Putin’s development as an authoritarian comes to light in Chapter 4 as the author describes the methods Putin employed to muzzle the Russian press, to implement his idea of vertical power, to appoint his cronies to high office, to prosecute the war in Chechnya, to his callous reaction to the sinking of the Kursk, and to his ability to “tame the oligarchs.” The chapter includes a lengthy section on the Khordorkovsky affair, resulting in the latter’s loss of both his freedom and his fortune. Chapter 5 deals specifically with NATO and Putin’s expectation of an invitation for Russia to join this body, but the best the West would offer was a NATO-Russia Council. Six months after setting up this NRC, seven former Soviet satellites received actual invitations to join NATO. Putin was not amused. Chapter 6 describes the January 2004 “Rose” Revolution of Georgia and the election of Saakashvili, a West-leaning democrat, as president. Putin regarded the election as a threat to Russia, perhaps in part because the first trip outside Georgia Saakashvili made was to the US where he requested US military personnel to train and equip his army as well as membership for Georgia in NATO. The chapter ends with a lengthy account of the attack on Beslan and Putin’s belief that this attack was part of a Western conspiracy to dismember the Russian Federation.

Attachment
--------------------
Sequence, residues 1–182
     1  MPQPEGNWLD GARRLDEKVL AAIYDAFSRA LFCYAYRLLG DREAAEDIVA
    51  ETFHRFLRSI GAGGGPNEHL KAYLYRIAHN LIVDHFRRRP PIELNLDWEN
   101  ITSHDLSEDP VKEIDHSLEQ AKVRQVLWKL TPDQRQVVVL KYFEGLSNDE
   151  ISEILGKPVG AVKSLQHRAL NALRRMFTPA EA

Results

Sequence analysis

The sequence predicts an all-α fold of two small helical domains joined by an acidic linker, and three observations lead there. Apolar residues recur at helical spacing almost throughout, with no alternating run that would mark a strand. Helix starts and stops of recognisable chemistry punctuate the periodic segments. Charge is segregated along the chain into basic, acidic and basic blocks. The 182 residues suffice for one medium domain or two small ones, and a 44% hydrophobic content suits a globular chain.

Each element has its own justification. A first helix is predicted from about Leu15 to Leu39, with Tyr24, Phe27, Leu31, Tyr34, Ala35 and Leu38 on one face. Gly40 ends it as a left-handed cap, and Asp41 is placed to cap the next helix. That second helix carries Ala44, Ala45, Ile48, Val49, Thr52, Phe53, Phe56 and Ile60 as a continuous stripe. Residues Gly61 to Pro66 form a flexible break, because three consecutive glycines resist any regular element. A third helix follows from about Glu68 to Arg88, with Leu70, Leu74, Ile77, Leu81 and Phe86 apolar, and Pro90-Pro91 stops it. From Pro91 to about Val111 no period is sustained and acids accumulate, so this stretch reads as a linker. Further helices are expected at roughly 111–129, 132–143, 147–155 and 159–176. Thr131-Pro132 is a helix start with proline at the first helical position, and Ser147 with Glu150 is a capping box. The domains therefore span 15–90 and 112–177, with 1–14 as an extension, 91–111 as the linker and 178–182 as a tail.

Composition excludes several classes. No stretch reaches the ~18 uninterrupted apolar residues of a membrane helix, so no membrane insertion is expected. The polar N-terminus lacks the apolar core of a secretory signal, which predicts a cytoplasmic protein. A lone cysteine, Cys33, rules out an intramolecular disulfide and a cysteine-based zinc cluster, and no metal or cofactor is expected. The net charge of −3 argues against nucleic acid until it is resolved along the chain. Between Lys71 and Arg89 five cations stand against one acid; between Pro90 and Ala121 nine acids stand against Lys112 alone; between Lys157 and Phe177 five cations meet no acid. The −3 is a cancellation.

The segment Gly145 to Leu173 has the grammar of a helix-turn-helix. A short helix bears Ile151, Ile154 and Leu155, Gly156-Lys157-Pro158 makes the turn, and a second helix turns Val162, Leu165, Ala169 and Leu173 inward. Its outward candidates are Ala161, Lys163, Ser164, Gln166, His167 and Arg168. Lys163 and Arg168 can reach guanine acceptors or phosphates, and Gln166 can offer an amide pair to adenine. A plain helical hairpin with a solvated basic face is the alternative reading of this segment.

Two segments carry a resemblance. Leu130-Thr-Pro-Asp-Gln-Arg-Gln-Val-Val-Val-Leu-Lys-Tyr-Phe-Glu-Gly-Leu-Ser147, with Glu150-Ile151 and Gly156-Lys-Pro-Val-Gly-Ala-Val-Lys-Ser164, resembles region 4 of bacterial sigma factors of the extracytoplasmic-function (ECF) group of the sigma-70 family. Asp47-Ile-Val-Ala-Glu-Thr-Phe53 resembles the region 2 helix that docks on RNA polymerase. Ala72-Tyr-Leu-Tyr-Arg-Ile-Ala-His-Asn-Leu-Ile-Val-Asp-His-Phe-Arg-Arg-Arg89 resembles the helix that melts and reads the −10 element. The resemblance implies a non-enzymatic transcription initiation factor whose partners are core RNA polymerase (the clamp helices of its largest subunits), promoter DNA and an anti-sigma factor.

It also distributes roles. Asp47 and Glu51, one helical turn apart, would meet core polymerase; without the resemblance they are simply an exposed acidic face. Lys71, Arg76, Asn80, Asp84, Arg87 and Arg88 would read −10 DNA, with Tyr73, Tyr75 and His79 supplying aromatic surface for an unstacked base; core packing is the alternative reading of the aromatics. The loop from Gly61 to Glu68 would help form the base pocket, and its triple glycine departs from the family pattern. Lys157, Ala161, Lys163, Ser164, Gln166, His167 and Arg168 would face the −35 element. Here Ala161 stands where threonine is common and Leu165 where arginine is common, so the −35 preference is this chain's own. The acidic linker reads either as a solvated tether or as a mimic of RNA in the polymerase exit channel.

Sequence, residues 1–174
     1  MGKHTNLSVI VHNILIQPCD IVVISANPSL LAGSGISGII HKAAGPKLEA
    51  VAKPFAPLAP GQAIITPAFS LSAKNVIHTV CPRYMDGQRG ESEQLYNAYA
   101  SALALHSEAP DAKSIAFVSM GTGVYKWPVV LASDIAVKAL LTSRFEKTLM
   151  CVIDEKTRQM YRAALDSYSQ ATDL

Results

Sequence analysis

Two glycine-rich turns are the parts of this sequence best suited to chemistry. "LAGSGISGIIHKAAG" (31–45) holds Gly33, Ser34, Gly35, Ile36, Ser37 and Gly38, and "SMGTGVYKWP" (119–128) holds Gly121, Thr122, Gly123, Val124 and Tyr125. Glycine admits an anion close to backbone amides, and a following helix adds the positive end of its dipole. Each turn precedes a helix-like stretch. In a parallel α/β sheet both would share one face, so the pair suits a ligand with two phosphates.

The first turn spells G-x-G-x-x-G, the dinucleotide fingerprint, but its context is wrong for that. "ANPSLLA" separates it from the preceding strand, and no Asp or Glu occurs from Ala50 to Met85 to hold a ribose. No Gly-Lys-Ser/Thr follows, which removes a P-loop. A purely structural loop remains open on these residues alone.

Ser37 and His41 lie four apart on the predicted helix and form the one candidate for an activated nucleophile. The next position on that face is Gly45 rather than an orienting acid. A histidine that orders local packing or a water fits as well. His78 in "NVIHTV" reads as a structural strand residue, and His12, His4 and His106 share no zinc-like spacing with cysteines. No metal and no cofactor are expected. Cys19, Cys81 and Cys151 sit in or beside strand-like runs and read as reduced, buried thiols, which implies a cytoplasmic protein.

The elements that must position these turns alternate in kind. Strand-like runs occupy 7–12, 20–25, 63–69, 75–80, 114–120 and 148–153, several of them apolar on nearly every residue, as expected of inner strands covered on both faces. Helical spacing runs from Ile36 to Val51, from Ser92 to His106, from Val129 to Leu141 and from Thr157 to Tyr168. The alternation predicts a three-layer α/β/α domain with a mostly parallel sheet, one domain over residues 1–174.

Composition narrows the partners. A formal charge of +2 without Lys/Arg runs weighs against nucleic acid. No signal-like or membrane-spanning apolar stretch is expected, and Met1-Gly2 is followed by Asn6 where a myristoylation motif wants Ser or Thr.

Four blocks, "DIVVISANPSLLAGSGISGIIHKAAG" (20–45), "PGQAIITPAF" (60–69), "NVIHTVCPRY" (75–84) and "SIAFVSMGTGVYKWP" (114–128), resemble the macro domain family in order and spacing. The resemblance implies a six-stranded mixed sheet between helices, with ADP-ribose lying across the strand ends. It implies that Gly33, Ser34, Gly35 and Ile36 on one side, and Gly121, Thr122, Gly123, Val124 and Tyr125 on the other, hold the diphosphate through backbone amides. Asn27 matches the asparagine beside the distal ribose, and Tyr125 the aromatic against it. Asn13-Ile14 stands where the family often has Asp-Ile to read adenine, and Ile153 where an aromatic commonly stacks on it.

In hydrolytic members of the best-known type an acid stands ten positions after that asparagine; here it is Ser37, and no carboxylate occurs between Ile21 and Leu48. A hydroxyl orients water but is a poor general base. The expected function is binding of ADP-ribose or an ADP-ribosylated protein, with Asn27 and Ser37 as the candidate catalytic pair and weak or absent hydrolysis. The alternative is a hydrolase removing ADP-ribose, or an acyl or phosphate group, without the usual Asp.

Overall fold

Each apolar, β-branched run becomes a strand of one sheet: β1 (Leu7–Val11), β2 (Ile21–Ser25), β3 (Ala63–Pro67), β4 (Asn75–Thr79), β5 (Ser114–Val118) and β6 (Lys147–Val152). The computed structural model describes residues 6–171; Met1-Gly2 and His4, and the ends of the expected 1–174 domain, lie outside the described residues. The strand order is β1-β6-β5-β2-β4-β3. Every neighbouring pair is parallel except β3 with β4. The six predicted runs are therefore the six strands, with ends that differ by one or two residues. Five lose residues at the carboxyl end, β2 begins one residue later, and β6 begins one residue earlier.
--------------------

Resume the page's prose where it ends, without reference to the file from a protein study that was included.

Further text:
The Orange Revolution, as depicted in Chapter 7, nearly failed in November 2004 due to blatant corruption and election vote rigging, but after considerable outside (and inside) pressure a new late-December run-off resulted in victory for the pro-Western candidate, Viktor Yushchenko, over the pro-Russian candidate, Viktor Yanukovych. The author describes Putin’s bitter disappointment as he viewed the results of the election as the work of US special operations who he believes have been working on a “Destroy Russia” project since 1990. The chapter ends with Putin’s use of energy as an economic weapon in his first “gas war’ in 2005 against Ukraine. Chapter 8, on a new cold war, addresses the September 2006 eruption of violence between Russia and Georgia over South Ossetia; the murder of journalist Anna Politkovskaya; Putin’s increased control over Russia’s energy sources; a Putin confrontation with US Secretary of State Condoleezza Rice; and the assassination in London of Soviet KGB defector Alexander Litvinenko. Chapter 9 reveals the coordination undertaken between Putin and Medvedev as Putin puts Medvedev forward to succeed him as president after his 2 terms (eight years) with Medvedev agreeing to appoint Putin as Prime Minister, thus allowing Putin to run for election to a third presidential term in 2012. Medvedev also had the Duma pass a constitutional change that would extend the next president’s term of office from 4 to 6 years. As the author opines, the West may eventually have to deal with 20 collective years of Putin presidencies.